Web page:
Monday, 25th July, 2011
James Gleeson has been an important Australian artist since, as a young man in the 1930s, he started investigating Surrealism. His is the most important body of surrealist work to be done by an Australian artist.
Born in Hornsby, Sydney, in 1915 Gleeson went on to study art at East Sydney Technical College. He had a strong interest in surrealist art since the late 1930s and was interested in the theories of Freud and Jung.
He travelled through Europe in 1947 and shared a studio with the artist Robert Klippel. Returning two years later he strove to give the surrealist movement in Australia an added momentum.
As well as being a successful practising artist, Gleeson was an art critic who worked for a number of major newspapers and magazines, and produced a series of books on Australian art.
In the 1970s he began to make paintings that incorporated the genre of the Inscape or Psychoscapes, terms that refer to the depiction of an artist’s own psyche in the form of a landscape.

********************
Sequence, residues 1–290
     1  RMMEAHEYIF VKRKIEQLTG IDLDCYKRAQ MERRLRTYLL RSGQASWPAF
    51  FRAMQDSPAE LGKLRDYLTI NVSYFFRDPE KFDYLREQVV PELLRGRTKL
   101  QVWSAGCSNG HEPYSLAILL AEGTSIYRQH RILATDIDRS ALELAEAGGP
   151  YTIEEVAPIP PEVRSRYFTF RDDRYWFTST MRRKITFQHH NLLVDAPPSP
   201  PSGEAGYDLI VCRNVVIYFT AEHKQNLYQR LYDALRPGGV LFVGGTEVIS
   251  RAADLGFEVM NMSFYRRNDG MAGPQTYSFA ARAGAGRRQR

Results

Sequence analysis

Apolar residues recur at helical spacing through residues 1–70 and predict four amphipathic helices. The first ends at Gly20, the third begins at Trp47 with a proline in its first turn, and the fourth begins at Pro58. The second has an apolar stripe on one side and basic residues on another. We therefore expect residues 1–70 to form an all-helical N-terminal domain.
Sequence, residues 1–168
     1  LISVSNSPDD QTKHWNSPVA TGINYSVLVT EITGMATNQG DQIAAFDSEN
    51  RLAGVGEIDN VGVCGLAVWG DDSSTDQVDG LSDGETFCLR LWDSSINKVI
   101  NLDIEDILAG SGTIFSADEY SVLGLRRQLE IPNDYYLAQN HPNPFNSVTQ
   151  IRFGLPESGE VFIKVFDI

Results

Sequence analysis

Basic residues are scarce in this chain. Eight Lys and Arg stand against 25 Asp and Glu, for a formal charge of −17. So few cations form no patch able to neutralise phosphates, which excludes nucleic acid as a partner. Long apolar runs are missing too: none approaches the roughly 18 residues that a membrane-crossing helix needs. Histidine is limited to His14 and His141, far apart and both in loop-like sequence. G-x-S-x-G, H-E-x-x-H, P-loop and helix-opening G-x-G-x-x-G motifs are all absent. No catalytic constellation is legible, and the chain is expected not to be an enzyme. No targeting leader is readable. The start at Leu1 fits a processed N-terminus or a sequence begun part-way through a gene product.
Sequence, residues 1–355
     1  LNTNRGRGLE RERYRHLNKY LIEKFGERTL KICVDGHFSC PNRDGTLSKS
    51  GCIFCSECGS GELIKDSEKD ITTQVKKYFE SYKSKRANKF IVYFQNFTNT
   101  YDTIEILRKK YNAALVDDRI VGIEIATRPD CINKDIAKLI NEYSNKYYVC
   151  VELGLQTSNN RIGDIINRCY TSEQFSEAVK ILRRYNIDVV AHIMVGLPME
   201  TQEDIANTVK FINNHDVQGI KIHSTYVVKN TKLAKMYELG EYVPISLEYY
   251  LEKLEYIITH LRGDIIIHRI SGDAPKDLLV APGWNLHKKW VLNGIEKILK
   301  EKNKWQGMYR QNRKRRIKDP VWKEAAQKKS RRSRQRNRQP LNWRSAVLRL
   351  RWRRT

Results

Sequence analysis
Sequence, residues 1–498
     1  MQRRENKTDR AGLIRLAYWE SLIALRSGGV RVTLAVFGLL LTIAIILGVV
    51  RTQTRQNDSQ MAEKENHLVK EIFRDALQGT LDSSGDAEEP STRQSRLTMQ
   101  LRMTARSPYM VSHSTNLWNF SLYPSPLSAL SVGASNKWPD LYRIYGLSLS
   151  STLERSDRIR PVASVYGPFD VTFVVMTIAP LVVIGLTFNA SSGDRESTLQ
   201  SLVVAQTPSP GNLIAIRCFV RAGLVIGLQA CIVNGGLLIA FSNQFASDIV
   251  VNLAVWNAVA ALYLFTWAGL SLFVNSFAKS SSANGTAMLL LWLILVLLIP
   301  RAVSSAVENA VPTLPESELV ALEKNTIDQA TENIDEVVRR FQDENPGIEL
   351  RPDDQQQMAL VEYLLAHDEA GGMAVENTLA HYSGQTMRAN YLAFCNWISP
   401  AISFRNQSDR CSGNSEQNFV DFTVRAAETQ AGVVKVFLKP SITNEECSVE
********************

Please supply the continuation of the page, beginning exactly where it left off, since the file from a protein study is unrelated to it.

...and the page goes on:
This can be seen in the painting “Seaport”, which at first glance shows a port complete with boats and a marina, but on closer inspection resembles the melding of strange organic forms, a horned beast towering over it all.
In 2006, Gleeson and his life partner, Frank O’Keefe, pledged their substantial assets to a foundation intended to help the Art Gallery of NSW acquire important works for the collection. O’Keefe died in 2007, and Gleeson in 2008 aged 92.
Gleeson’s works can be found in the Australian National Gallery, all of the state galleries as well as in many regional galleries and private collections both here and overseas.
“Seaport” was purchased by the Art Gallery Advisory Committee with the assistance of the Australia Council and the NSW Minister for the Arts in 1989.